Motion No. 339, as amended, agreed to<= /o:p>


Hon. Ms. McPhee: Mr. Speaker, I move that the Speaker do now leave = the Chair and that the House resolve into Committee of the Whole.

Speaker: It = has been moved by the Government House Leader that the Speaker do now leave the Chair and that the House resolve into Committee of the Whole.

Motion agreed to


Speaker leaves the Chair

Committee of the Whole

Chair (Mr. Hutton): The matter before the Committee is Vote 15, Department of Heal= th and Social Services in Bill No. 207, entitled Second Appropriation Act, 2018‑19.

Do mem= bers wish to take a brief recess?

All Hon. Members: Agreed.

Chair: Commi= ttee of the Whole will recess for 15 minutes.

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Chair: Commi= ttee of the Whole will now come to order.

Bill No. 207: Second Appropriation = Act, 2018‑19 — continued

Chair: The matter before the Committee is Vote 15, Department = of Health and Social Services in Bill No. 207, entitled Second Appropriation Act, 2018‑19.

Is the= re any general debate?

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Department of Heal= th and Social Services

Hon. Ms. Frost: I would like to introduce my staff who are here with me today. I have Stephen Samis,
Deputy Minister of Health and Social Services and Social Services, and Mich= ele Goshulak, assistant deputy minister.

I am h= ere today to introduce the Department of Health and Social Services supplementary bud= get for fiscal year 2018‑19. The department is requesting an overall incr= ease of $6.919 million, bringing the total for the 2018‑19 budget to $437,814,000. This $6.919 million represents an increase of two percen= t in the department’s total budget for fiscal year 2018‑19. This requested increase in O&M is $3,091,000.

Let me= explain what is included in this request. The department is requesting an additional $2.861 million for the Yukon Hospital Corporation to cover additional costs in chemotherapy, medical imaging, lab services and the collective agreement. As part of this request, the department is requesting $1.3 = million to cover the escalating costs of drugs and prescribed treatment for chemotherapy. Chemotherapy treatment that is provided at Whitehorse General Hospital is increasing in cost. The complexity of chemotherapy treatment has increased over the last decade, with treatment having a greater ability to target specific cells and, thus, having fewer toxic effects on the bodyR= 17;s organs, resulting in more positive outcomes.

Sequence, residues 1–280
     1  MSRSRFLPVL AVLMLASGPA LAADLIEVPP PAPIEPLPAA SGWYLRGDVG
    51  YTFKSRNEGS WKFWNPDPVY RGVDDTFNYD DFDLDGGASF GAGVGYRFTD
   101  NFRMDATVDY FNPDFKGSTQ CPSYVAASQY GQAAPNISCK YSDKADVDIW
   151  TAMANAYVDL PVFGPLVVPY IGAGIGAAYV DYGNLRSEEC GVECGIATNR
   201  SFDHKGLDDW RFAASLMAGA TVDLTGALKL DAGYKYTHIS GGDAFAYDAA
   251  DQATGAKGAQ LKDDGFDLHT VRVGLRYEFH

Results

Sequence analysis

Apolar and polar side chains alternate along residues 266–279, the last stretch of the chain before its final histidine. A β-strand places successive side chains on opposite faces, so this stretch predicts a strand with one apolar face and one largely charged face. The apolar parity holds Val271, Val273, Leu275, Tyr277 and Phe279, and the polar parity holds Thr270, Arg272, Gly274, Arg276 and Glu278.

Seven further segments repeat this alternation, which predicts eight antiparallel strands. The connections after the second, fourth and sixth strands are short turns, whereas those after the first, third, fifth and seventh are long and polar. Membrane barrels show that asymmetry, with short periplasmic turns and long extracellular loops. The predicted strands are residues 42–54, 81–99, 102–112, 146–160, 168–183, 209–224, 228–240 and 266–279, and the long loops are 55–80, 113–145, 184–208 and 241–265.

These = advances in treatment have resulted in increased costs to chemotherapy treatment. Th= is expenditure contributes to positive health outcomes for Yukon citizens who = are going through chemotherapy treatment and enables our health care systems to provide a leading edge treatment option. I’m happy to support this request.

Just o= ne note on the cost of drugs — the Premier and his colleagues at the Council of = the Federation table, as well as my fellow health ministers across the country = and I, are actively working on solutions to address the rising cost of drugs ac= ross Canada. For example, Yukon participates with its provincial and territorial partners in the pan-Canadian Pharmaceutical Alliance to ensure improved val= ue of money through bulk drug purchasing. Yukon also participates in the provincial-territorial pan-Canadian collaborative on health equipment procurement, which was established in 2017 to advance collaborative procure= ment of basic and specialized medical equipment. Building on the success of collaborative purchasing in other areas like pharmaceuticals, the work of t= he pan-Canadian collaborative on health equipment procurement seeks to achieve efficiencies and procurement practices, more robust evidence-based decision= -making, innovation in technology and procurement practices, greater value for transactions and enhanced patient safety and health outcomes. While in Yuko= n we benefit greatly from these initiatives, we rely to a large extent on our provincial partners’ expertise and specialized knowledge on procureme= nt as well as their ability to keep a pulse on current trends in this field. <= /span>

The de= partment is also requesting funds to address increases for the Hospital Corporation = in the following areas: $398,000 is requested for increases in the cost for medical imaging to cover an increase in complex tests such as CT scan, MRI = and mammography; $554,000 is requested to cover demand-driven costs associated = with lab services; and $609,000 is requested for increased costs associated with= the Yukon Hospital Corporation’s collective agreement, bringing it in line with Yukon government’s.